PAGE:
Sierra Leone’s Dr Samuel Kargbo has been honoured by the University of Leeds, UK
Dr Samuel Kargbo is a Leeds graduate who returned to his native Sierra Leone during the midst of a civil war to deliver drugs and basic health care to children in rebel-held parts of the country.
Now the country’s Director of Reproductive and Child Heath, Dr Kargbo has made significant improvements in the care of pregnant women and under-fives in a country where poor infrastructure and poverty have resulted in some of the highest mortality rates in the world. Dr Kargbo will receive an Honorary Doctorate of Medicine.
Amongst the famous names being awarded honorary degrees this year were the Brownlee brothers, Paralympic swimmer Claire Cashmore, Stephanie Flanders, Susan Solomon, Linda Pollard and Martin Wainwright.
All of the recipients excel within their specialist fields and are distinguished by their outstanding achievements spanning the diverse fields of sport, science, journalism, public service and medicine and health.
Stephanie Flanders has made a significant contribution to enhancing the public’s understanding of economics and its impact on daily life through her current position as BBC Economics Editor, her widely acclaimed blog ‘Stephanomics,’ and her recent ‘Masters of Money’ series on BBC Two. Previously a speech writer and adviser to the US Treasury, and a journalist at the New York Times and Financial Times, Stephanie is one of the first women to hold a senior editor position at the BBC. She will be awarded an Honorary Doctorate of Letters.
Claire Cashmore graduated from Leeds in 2011, with a BA in Linguistics, and now swims for the City of Leeds Swim Club. A Paralympic swimming medallist, Claire took silver in the 100 metres and the relay at London 2012, along with a bronze in the freestyle relay. This is in addition to the bronze she took in Beijing in 2008 and two bronzes in Athens in 2004. Claire is also the holder of numerous world championship gold medals and other world records. She will receive an Honorary Doctorate of Laws.
Alistair Brownlee graduated from the University in 2010, with a BA in Sports and Exercise Science. While still studying, he qualified for the Beijing Olympics and went on to finish 12th in the triathlon. Since graduating he has been crowned World Champion on two occasions (2009 and 2010) and was 2012 Olympic Triathlon gold medal winner. The only athlete to win the world championship at junior, under-23 and senior level, Alistair trains in Leeds with his brother and is a strong proponent of the Yorkshire countryside as a first-class training ground. He will receive an Honorary Doctorate of Laws.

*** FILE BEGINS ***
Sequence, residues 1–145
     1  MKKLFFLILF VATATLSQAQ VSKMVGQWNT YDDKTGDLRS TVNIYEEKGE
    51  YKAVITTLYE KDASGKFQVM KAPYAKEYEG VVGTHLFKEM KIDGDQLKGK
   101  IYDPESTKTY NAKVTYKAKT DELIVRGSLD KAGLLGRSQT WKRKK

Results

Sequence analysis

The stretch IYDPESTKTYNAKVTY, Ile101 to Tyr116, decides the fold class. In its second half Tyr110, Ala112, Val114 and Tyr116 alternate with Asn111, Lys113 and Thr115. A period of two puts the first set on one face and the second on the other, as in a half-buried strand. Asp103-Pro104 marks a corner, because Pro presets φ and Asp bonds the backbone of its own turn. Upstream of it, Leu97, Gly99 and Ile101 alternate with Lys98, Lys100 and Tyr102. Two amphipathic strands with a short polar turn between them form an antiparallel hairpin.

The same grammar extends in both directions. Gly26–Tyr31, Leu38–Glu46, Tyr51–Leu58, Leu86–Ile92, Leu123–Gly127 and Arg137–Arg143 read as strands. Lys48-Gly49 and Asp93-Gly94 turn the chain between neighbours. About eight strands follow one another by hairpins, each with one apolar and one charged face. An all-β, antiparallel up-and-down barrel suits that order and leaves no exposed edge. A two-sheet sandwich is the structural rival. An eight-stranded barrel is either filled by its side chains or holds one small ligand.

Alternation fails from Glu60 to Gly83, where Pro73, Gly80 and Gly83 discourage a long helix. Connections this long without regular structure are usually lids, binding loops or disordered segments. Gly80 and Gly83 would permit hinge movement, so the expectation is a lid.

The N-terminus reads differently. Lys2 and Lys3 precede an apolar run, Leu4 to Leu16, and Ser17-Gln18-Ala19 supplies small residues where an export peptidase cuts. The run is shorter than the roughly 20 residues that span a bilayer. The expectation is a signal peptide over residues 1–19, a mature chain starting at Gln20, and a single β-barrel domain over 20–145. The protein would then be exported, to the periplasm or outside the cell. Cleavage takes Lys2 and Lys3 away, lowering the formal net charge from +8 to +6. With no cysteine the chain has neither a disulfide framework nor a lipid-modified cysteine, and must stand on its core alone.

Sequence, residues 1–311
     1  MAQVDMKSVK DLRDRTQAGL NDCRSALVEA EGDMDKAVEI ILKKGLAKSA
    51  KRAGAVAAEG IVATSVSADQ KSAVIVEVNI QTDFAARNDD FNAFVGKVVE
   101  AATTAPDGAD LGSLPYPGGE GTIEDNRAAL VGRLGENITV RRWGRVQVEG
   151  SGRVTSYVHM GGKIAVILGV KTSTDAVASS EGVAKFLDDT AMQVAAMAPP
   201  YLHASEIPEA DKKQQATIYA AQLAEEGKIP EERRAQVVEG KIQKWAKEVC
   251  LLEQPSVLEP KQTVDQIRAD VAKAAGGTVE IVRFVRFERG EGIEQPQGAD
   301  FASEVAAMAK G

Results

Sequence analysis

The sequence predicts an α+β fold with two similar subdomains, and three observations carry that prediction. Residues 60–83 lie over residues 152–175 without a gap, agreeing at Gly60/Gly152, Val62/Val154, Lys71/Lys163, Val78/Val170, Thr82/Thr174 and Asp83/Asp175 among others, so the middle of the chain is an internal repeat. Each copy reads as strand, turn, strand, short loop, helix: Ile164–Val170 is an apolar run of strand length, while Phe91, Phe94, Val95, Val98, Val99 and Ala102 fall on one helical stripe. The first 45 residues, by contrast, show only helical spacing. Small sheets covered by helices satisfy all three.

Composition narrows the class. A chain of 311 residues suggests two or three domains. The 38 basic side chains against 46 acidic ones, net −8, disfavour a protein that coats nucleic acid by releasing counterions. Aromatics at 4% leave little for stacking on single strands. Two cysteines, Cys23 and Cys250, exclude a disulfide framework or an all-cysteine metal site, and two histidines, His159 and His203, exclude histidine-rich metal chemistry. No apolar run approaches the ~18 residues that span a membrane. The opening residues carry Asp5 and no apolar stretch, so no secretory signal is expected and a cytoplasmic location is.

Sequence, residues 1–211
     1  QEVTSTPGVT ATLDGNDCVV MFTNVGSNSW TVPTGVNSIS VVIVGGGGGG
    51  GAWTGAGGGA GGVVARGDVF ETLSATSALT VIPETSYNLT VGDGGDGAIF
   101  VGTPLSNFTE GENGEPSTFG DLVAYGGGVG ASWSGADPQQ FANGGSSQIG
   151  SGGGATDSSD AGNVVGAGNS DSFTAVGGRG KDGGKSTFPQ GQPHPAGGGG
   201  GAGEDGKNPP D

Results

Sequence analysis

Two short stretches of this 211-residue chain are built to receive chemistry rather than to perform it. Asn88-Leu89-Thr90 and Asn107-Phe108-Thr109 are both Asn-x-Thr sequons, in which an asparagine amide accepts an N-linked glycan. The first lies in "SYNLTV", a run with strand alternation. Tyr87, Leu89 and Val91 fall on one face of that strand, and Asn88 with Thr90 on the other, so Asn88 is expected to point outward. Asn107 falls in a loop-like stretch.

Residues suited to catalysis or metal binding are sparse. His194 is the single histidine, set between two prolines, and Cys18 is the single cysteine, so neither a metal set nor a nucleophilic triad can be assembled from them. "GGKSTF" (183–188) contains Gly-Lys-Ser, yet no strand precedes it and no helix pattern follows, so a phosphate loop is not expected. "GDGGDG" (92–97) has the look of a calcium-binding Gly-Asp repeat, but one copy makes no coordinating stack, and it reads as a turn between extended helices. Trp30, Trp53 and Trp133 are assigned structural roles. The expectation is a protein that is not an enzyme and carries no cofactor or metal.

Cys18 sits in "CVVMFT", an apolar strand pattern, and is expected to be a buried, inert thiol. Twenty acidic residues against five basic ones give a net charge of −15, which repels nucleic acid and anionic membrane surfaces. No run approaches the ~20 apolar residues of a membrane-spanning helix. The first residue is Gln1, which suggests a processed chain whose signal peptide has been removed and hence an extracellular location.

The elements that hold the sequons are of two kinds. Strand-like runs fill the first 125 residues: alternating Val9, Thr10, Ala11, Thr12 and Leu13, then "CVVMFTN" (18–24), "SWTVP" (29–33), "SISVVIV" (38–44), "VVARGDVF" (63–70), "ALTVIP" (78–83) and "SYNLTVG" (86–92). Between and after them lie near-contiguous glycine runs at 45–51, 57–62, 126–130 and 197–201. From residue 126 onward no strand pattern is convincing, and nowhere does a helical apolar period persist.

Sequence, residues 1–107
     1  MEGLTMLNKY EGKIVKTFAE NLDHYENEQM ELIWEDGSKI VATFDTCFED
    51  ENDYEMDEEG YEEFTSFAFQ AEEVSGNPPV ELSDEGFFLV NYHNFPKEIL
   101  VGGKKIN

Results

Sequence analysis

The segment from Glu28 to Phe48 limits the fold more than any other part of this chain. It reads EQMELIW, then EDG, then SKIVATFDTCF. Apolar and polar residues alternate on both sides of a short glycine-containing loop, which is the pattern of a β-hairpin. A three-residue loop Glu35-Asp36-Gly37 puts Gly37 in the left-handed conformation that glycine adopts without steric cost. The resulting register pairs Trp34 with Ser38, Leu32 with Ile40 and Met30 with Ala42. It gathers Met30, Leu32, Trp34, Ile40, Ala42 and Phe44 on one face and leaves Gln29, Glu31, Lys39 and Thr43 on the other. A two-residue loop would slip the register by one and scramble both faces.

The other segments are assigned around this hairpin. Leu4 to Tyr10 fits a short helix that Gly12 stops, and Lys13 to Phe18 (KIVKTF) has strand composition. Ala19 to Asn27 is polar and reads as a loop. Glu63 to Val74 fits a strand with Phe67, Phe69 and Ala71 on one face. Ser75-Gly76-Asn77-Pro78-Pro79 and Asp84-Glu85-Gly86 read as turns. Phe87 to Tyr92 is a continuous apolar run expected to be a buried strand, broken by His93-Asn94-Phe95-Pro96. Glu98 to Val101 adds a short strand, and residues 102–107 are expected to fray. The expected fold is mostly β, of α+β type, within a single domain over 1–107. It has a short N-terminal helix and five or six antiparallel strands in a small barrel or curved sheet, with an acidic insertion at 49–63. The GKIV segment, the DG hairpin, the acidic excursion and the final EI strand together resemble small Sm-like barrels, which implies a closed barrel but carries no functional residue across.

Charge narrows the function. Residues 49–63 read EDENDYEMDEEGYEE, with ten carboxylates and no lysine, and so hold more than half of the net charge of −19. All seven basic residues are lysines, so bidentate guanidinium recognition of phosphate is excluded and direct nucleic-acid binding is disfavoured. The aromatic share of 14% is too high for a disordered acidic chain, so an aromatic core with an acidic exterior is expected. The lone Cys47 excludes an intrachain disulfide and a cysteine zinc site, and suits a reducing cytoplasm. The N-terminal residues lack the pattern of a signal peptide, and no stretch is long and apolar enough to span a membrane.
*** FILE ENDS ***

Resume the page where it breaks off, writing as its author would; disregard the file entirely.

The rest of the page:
Younger brother Jonathan Brownlee has had a year which has seen him graduate from Leeds with a BA in History, and win bronze in the Olympics. He also recently became the Triathlon World Champion. This is an achievement which cements his earlier success at a junior level where he has won every accolade available to him including taking gold at the 2009 Australian Youth Olympics and European Junior Championships, as well as five further gold medals in the ITU World Championships Series. Jonathan Brownlee will receive an Honorary Doctorate of Laws.
Linda Pollard is a successful entrepreneur with considerable experience in both the private and public sectors. She has played a significant role in strengthening links between education and health and is currently Chair of Leeds Teaching Hospitals NHS Trust. In 2004 Linda was awarded an OBE in recognition of her outstanding contribution to the community. Linda has been a member of the University Council since 1997, and became Pro-Chancellor of the University of Leeds and Chair of the Council in August 2007. She will be awarded an Honorary Doctorate of Laws.
Leeds-born Martin Wainwright is best known for the 37 years that he worked at The Guardian, the last 17 of which as northern editor. Martin retired from the paper earlier this year. Alongside his journalistic triumphs, Martin has been a dedicated advocate of Northern England, its culture and the countryside. He has combined his passion for ‘England’s better half’ with his joy of writing, most aptly manifested in the publication of his book ‘True North’.
More recently he has penned a tome celebrating the history and traditions of the English Village. Martin’s charitable work was recognised by the award of an MBE in 2000 for services to the National Lottery Charities Board in Yorkshire and Humberside. He will be awarded an Honorary Doctorate of Letters.
Professor Susan Solomon led National Ozone Expeditions to Antarctica in 1986 and again in 1987. Her team made discoveries about ozone layer destruction which led to the signing of the U.N Montreal Protocol, an international agreement to protect the ozone layer by regulating damaging chemicals. Now employed at the Department of Earth, Atmospheric and Planetary Sciences at the Massachusetts Institute of Technology, she was attached to the group that was awarded the Nobel Prize for atmospheric chemistry in 1995. Professor Solomon will receive an Honorary Doctorate of Sciences.
submitted by Rachel Barson
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